So you’ve submitted your resumé, cover letter, and letters of recommendation. You’re literally two steps away from having your dream summer internship when they ask you: Are you available for a phone interview in the near future? Cue panic, dread, and nausea. Take a few deep breaths and reevaluate the situation. You can do this.
Prepare. Prepare. Prepare.
By no means should this conversation be rehearsed, but it definitely helps to have a few key phrases or ideas handy to better represent yourself over the phone. All they have to go by is your voice, enthusiasm, and intelligence! Make sure you choose your words wisely and cater to what your potential employer wants to hear. Count on being asked the stereotypical questions–Why are you interested in this job? What skills do you have?–and memorize how you want to answer them. Passion comes off most fervently when you’re not stumbling over your words.
Speak slowly and stay away from “like” and “um”
So, like, if you’re like me, you like um say lots of these filler words more often than you want to. This is great for talking to your friends and going to the mall…but adults pick up on it really fast. Be as professional as possible and try not to rely on fillers- get to the point! To be honest, I’ve been struggling with this one largely due to my New Jersey suburban upbringing. Speaking slowly and choosing your words with conviction are key to stopping yourself from overloading sentences with “like.”
Introduce yourself. Ask what to call your interviewer.
The person you are talking to has no information on who you are beyond your name and whatever’s in that cover letter of yours. Make sure they know your name, and you know there’s. Use that phrase: “May I call you Jack?” or wait for the interviewer to introduce themselves. If you can spot something that can be awkward, just be upfront and ask the question. Since there isn’t the luxury of taking social cues, be on your game and you can portray yourself as confident and on top of your game.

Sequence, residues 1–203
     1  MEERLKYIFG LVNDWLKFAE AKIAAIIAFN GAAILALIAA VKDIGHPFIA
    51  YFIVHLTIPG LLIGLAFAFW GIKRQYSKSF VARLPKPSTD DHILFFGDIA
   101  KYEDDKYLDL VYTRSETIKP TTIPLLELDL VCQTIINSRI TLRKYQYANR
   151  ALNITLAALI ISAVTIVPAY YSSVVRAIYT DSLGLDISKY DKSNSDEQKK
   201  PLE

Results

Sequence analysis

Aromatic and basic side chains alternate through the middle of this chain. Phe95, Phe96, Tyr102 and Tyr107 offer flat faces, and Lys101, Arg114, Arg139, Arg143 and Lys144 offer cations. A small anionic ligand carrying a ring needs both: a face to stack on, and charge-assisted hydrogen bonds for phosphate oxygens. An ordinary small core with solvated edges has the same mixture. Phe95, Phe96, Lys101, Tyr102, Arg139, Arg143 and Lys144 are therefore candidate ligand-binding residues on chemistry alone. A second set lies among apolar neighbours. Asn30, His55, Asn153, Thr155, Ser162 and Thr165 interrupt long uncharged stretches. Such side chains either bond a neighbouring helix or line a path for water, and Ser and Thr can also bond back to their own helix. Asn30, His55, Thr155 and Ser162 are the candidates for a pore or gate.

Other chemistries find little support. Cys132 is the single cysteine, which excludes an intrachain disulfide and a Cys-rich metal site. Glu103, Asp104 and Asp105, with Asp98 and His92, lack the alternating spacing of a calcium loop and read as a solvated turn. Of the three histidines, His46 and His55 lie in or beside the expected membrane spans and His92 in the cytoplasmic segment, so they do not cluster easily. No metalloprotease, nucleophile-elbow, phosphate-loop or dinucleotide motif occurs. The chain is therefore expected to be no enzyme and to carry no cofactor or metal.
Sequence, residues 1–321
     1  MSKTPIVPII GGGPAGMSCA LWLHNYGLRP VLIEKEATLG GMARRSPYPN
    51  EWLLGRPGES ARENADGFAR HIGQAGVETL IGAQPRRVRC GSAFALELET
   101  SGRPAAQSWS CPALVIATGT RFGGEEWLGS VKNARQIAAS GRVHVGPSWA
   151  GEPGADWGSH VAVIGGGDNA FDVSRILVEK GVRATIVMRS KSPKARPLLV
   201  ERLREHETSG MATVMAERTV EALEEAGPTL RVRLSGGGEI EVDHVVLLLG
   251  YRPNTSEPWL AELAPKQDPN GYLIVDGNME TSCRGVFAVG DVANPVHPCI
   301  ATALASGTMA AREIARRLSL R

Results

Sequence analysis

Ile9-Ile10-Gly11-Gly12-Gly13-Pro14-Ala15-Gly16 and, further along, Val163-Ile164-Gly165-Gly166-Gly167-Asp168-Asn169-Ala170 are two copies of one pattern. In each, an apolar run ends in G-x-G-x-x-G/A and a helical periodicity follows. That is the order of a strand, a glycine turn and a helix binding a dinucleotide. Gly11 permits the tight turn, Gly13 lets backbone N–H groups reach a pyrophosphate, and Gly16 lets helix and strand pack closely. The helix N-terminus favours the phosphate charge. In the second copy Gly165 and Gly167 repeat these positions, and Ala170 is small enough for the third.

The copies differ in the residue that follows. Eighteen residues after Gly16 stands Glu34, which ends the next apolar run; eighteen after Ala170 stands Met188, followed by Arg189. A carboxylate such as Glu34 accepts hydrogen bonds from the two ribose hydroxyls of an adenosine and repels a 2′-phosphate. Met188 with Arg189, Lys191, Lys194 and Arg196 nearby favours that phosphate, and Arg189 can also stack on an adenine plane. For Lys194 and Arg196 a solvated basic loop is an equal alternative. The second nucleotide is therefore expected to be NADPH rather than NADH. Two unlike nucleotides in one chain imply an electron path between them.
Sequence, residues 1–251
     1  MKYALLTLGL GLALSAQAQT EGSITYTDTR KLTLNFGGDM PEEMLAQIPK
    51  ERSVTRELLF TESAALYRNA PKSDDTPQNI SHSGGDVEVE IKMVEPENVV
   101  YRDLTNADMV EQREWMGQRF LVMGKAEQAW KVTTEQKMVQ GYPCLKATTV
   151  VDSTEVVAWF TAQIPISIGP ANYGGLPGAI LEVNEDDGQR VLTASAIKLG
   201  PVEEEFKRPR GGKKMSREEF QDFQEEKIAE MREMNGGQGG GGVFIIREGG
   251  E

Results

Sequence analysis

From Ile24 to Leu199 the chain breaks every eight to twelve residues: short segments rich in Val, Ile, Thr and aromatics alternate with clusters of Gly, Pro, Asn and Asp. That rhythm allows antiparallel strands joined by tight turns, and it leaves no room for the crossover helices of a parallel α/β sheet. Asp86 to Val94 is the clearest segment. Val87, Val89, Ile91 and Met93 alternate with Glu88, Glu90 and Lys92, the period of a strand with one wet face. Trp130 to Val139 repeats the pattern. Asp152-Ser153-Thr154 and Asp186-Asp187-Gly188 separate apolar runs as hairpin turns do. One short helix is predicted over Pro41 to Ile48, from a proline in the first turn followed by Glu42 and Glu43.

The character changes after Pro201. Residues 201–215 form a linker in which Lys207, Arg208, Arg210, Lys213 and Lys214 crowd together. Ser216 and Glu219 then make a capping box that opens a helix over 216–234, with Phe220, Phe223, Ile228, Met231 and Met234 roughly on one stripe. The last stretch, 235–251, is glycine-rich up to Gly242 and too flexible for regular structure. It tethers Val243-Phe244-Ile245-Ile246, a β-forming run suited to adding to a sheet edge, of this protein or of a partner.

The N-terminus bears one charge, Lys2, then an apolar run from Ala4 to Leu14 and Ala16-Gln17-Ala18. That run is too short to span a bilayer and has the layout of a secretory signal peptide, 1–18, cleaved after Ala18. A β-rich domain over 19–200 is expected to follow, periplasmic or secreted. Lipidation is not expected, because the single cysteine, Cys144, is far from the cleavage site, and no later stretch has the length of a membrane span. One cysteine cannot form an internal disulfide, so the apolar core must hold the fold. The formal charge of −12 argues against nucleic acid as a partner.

Pick an interview spot
No, the dining hall is not a good spot for a phone interview. Set out your notes, papers, maybe a picture of your parents and get ready for the phone to ring and put yourself up in a quiet, comfortable space. Perhaps sitting at a desk will better suit your need to be classy and collected. I’m personally a fan of pacing my dorm room, and sitting on my bed. Point being, find a space conducive to being the absolute best you can be on the phone.
Be (mostly) honest
So your interviewer asks: What did you do last Saturday night? That’s right. You studied. Yes, your interviewer went to college and probably assumes you’re living your life too. Nonetheless, keep it classy, keep it professional, and stay away from anything that marks you as incapable of doing the job. A lot of these things are extremely obvious, but they should be said just in case you were hoping to bond with your interviewer about frat life and your last hook up.
Don’t over think the phone call
Does it matter how many times you let the phone ring before you pick up? NO. Just pick up the phone, and say Hello, and ask how your interviewer is doing. Be calm. Breathe. Say what you’ve planned and roll with the punches. In only a few minutes, it’s all over! Be amazing! Be you.